Lim, who earned his Management and Leadership certificate from MIT Sloan in 2008, was on hand on March 11, 2011, when the command ship of the U.S. 7th fleet received word that the Great East Japan Earthquake and Tsunami had struck. Due to his close ties with the government, military, and corporations in Japan and the United States, Lim was able to offer his crisis management expertise to help with relief efforts in the devastated areas.

“For the tsunami recovery, I worked with governments, militaries, aid agencies, business corporations, and civil societies in Japan, the U.S., Hong Kong, Taiwan, Australia, Singapore, and several EU countries to source essential items and organize fundraising projects.”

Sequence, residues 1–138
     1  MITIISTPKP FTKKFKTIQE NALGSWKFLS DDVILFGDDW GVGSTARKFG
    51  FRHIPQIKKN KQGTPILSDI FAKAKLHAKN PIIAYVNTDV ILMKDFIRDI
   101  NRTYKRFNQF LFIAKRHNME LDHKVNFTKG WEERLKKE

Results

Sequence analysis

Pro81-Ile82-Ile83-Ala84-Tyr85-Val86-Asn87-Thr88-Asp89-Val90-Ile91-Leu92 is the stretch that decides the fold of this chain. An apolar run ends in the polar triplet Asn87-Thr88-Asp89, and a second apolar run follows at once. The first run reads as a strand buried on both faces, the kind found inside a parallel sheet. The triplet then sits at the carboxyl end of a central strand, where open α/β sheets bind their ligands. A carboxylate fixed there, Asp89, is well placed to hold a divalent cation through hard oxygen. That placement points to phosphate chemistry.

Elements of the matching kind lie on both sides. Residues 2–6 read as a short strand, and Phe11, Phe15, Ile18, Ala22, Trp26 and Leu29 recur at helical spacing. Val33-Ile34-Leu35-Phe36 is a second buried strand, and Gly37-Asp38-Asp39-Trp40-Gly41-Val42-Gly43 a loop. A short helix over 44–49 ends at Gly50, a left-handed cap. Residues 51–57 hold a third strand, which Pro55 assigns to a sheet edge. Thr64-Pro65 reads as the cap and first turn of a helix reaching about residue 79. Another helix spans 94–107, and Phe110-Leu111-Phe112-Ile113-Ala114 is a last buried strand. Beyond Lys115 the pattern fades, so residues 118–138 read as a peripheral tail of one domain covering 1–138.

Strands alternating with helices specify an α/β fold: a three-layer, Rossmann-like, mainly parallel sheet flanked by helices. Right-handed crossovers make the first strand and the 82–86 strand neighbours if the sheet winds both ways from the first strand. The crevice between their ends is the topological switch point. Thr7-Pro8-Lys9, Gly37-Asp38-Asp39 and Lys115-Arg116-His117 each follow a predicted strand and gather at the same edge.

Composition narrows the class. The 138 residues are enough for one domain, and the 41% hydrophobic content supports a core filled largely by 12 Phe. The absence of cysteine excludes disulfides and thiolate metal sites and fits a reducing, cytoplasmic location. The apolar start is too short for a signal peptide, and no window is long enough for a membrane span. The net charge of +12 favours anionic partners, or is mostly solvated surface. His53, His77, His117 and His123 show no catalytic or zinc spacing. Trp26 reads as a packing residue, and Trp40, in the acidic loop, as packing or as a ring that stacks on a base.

Lim began focusing on disaster management shortly after Hurricane Katrina struck in 2005. The independent consultant has received numerous awards and commendations for his efforts. Lim also has been lauded by David Boden, past president of the American Association of Singapore (AAS), as a key contributing member of the American community in Singapore and for his volunteer role as Chair of the AAS Community Philanthropy Committee.